Menopausal transition, called "perimenopause," is when a woman's body is close to menopause. Perimenopause usually begins about 2-4 years before the last menstrual period. It ends when menopause begins.
A woman reaches menopause when a year has passed since her last period.
Menopause symptoms include changes in periods such as intervals and flow rates, hot flashes and night sweats, vaginal dryness and thinning of bones.
To help control menopause symptoms like hot flashes, night sweats , mood swings, etc. a doctor might suggest taking estrogen and progesterone, known as hormone therapy (HT) or hormone replacement therapy (HRT). The most comprehensive evidence about taking hormones after menopause comes from the Women's Health Initiative Hormone Program sponsored by the National Heart, Lung and Blood Institute and the National Cancer Institute.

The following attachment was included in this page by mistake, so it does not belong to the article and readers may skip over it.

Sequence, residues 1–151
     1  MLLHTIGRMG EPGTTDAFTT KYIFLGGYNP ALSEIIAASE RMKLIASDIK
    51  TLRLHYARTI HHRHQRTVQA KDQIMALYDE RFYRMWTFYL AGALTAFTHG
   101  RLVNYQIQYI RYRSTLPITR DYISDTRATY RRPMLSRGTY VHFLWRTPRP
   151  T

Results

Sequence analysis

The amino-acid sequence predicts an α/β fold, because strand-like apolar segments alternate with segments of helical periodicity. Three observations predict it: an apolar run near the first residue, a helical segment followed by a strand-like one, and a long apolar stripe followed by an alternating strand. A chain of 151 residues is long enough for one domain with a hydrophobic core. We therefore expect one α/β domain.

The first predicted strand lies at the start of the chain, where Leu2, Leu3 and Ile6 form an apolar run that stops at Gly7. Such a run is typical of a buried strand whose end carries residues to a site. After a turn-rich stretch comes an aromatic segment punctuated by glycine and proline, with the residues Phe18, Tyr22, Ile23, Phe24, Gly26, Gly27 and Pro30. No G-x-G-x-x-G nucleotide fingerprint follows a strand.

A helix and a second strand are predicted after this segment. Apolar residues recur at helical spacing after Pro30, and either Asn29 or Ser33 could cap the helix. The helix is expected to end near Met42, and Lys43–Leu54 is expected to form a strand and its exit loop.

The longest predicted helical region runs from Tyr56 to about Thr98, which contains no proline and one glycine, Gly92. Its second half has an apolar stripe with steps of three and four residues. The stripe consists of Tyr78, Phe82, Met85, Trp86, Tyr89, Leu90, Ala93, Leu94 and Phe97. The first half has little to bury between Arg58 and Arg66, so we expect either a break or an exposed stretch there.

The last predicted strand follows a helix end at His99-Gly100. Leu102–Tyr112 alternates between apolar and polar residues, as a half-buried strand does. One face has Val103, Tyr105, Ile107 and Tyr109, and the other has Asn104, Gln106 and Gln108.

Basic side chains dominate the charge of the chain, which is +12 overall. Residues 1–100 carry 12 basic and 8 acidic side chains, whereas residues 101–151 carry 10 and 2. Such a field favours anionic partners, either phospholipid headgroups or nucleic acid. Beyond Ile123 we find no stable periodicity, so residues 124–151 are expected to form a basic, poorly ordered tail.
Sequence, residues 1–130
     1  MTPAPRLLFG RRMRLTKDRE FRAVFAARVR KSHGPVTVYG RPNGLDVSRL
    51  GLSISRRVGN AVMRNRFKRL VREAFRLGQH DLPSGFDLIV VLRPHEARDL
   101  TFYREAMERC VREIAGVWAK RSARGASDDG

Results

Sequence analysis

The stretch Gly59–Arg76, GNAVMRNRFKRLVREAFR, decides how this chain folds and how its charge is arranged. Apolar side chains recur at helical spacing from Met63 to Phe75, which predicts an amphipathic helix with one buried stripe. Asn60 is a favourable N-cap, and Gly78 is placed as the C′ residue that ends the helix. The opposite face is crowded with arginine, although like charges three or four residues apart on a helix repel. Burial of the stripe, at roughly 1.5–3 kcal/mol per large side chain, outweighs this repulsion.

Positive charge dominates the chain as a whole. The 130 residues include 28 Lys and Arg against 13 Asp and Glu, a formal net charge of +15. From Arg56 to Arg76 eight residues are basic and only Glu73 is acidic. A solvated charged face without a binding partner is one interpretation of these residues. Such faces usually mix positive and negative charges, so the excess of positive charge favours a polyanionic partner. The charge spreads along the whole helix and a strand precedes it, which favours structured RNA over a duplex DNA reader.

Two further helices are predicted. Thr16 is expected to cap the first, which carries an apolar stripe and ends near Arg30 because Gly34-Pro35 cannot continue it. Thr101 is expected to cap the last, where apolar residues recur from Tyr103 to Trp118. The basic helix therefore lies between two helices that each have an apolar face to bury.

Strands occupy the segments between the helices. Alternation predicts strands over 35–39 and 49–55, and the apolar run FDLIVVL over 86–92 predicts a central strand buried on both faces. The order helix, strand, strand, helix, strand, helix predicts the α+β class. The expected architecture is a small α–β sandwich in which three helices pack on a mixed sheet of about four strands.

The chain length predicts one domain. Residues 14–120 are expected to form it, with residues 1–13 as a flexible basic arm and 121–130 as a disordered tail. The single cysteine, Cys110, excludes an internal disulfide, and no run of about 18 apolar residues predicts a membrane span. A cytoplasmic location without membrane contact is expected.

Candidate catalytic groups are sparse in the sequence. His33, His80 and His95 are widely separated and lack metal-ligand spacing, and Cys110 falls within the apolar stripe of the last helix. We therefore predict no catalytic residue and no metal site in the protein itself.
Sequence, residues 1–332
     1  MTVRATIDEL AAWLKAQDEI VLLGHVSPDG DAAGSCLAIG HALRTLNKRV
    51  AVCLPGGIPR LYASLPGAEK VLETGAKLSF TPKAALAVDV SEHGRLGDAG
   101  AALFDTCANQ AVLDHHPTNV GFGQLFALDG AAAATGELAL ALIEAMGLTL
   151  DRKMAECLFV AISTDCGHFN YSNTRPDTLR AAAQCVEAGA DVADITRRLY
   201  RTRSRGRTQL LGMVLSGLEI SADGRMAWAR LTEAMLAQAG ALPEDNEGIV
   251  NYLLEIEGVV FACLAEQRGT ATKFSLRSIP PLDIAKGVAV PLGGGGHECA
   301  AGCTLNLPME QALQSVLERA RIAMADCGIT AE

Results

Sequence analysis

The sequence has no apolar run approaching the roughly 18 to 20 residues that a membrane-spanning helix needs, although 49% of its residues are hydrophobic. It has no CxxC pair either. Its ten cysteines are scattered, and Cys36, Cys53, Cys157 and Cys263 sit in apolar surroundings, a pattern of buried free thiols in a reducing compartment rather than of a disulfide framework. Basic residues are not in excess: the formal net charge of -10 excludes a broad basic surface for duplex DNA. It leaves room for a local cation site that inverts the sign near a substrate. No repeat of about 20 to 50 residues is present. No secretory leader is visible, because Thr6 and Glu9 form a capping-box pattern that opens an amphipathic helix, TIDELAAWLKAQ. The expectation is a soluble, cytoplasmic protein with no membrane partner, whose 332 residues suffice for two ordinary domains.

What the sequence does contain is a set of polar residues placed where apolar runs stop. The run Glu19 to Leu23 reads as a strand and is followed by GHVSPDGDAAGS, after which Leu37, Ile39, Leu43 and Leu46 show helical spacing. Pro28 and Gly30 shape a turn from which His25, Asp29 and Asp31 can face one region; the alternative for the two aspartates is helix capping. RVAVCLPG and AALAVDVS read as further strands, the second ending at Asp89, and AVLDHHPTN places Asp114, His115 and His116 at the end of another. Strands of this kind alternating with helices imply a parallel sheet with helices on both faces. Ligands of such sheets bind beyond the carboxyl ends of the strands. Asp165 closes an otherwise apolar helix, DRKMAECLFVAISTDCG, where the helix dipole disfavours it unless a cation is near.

Findings of studies
The WHI Hormone Program involved two studies — the use of estrogen plus progestin (a synthetic progesterone) and the use of estrogen alone. Women who have undergone a hysterectomy are generally given estrogen alone. Women who have not undergone this surgery are given estrogen plus progestin, which have a lower risk of causing cancer of the endometrium, the lining of the uterus.
The estrogen/progestin study was stopped in 2002, when investigators reported that the overall risks outweighed the benefits. The estrogen-alone study was stopped in 2004, when the researchers concluded that estrogen alone increased the risk of stroke and blood clots.
The following are some additional findings from the WHI program about the risks of taking hormone therapy:
Some pro's and some con's . It is important to discuss HRT with your doctor to determine whether it is right for you. As for me, I'll probably stick with my hot flash pajamas.
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